The publicly elected school board is responsible for setting the district’s policies and procedures. The district has had a policy in place since 2010 detailing how school staff should respond to boundary invasions between staff members and students. After Neyers’ arrest, the district revised the policy to further clarify how investigations, documentation and discipline for boundary invasion complaints are handled. It also updated policies and procedures prohibiting sexual harassment of students and addressing child abuse and neglect.
In addition to policy revisions, the district has expanded staff training on sexual harassment and on employees’ roles as mandatory reporters of suspected child abuse, according to the district’s public relations director, A.J. Garcia.
“The School Board’s expectation is that the district takes any allegation of abuse and sexual misconduct seriously and fully investigates any allegation,” said Pete Miller, the board’s president, in a written statement to InvestigateWest.
But Tahoma parent Heidi Padilla wants to see administrators put these promises into action before her faith in the district will be restored. Padilla said she has approached administrators several times with concerns about her own children’s safety but feels her concerns were dismissed.
“They do not take any report seriously,” she said. “Because if you took the report seriously, then it would have stopped when that staff member spoke up years ago with Bryan Neyers.”
A few days before the school board’s email went out, Tahoma parent Amanda Gates emailed Hanson and the school board urging them to take “immediate and decisive action” to protect student safety, citing InvestigateWest’s reporting. She called for the firing of administrators who failed to properly investigate complaints about Neyers and for a review of district policies relating to staff conduct.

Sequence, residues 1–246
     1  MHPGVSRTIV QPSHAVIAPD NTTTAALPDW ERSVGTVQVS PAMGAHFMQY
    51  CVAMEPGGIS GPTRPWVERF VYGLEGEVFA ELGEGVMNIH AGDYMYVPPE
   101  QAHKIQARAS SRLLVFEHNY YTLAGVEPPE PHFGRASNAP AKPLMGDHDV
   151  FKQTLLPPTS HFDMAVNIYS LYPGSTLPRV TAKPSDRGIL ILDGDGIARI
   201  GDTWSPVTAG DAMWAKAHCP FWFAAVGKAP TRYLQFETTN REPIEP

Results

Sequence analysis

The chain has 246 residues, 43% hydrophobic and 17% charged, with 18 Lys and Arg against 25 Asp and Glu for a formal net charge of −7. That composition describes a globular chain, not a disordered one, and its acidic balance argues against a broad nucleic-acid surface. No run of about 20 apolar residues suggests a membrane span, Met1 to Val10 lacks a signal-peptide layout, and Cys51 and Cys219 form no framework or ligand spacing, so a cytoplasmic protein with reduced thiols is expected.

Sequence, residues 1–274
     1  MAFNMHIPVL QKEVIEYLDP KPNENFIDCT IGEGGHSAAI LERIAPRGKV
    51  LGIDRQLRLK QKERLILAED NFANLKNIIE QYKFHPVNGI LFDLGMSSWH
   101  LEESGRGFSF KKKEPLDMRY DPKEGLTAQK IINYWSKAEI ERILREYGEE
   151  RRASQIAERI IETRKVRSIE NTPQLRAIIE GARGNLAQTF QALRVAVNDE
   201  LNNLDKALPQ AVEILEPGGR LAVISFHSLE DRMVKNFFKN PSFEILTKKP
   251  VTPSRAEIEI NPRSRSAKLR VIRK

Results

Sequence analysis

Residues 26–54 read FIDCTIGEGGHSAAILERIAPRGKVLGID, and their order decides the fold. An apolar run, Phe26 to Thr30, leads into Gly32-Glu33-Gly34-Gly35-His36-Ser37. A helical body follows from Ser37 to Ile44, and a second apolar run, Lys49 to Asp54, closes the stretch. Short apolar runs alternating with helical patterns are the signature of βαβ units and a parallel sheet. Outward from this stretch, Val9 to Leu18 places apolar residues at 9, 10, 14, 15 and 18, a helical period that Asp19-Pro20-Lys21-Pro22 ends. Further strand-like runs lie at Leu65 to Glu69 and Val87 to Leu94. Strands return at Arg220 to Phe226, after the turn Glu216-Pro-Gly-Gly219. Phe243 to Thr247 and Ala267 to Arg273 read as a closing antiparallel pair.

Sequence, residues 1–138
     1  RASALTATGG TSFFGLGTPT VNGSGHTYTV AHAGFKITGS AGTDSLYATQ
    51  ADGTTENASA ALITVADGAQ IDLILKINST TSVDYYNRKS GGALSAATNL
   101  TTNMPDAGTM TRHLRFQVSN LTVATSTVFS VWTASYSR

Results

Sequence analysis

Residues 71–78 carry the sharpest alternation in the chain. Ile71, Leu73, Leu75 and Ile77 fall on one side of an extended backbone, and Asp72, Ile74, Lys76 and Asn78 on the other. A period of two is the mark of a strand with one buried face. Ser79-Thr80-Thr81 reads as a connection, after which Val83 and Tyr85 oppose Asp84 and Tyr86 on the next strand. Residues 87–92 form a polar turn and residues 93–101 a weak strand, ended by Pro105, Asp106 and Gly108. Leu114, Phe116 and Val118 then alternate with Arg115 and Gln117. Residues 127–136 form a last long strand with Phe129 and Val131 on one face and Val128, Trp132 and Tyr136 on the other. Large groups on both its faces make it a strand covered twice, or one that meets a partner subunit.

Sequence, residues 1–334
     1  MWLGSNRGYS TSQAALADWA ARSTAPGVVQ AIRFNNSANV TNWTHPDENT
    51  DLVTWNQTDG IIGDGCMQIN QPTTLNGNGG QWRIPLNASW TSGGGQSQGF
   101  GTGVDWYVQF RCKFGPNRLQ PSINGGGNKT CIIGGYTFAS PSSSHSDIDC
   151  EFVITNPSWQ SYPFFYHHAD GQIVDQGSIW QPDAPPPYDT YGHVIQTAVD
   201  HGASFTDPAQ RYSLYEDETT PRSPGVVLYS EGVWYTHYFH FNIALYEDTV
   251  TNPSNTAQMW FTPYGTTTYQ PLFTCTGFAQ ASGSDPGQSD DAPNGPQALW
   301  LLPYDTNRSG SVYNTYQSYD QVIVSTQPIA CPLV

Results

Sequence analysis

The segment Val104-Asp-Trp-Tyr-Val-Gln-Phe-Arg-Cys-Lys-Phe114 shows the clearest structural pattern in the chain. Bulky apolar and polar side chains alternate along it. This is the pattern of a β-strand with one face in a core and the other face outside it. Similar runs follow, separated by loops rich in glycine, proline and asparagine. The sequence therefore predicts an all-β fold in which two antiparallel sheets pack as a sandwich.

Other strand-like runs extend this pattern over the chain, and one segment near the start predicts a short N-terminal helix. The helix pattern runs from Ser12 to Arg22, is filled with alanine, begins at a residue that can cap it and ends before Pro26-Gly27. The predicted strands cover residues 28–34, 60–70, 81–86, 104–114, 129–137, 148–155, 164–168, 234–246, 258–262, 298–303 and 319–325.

Gates met with district leadership to discuss her concerns. In a joint email response after the meeting, Garcia and Gates told InvestigateWest that everyone “left with a shared understanding that Amanda’s concerns were heard” and that Gates “is confident in District leadership to move forward in its decision-making to do what we believe is in the best interest of every student, family and our staff.”
Christie and other parents, however, continue worrying about their children’s safety.
“Our kids know. They know the destruction that was caused by Bryan. And there’s no amount of money that’s ever going to change that,” Christie said. “The fact that nobody lost their jobs over this and all they had to do was training really calls into question how much they truly care about the children in this school district.”
FEATURED IMAGE: Bryan Neyers worked at Glacier Park Elementary School for several years as a paraeducator, supervising kids at recess and in child care programs. Despite co-workers approaching school and district administrators about Neyers’ close relationships with students, Neyers continued working with kids. He now awaits trial on Sept. 5 on charges of molesting and raping young boys in his care. (Scott Eklund/InvestigateWest)
InvestigateWest (invw.org) is an independent news nonprofit dedicated to investigative journalism in the Pacific Northwest. Reporter Kelsey Turner can be reached at firstname.lastname@example.org.
The King County Sexual Assault Resource Center’s 24-hour Resource Line is available seven days a week with free, confidential help and information at 1-888-99-VOICE (1-888-998-6423). More resources are available at www.kcsarc.org.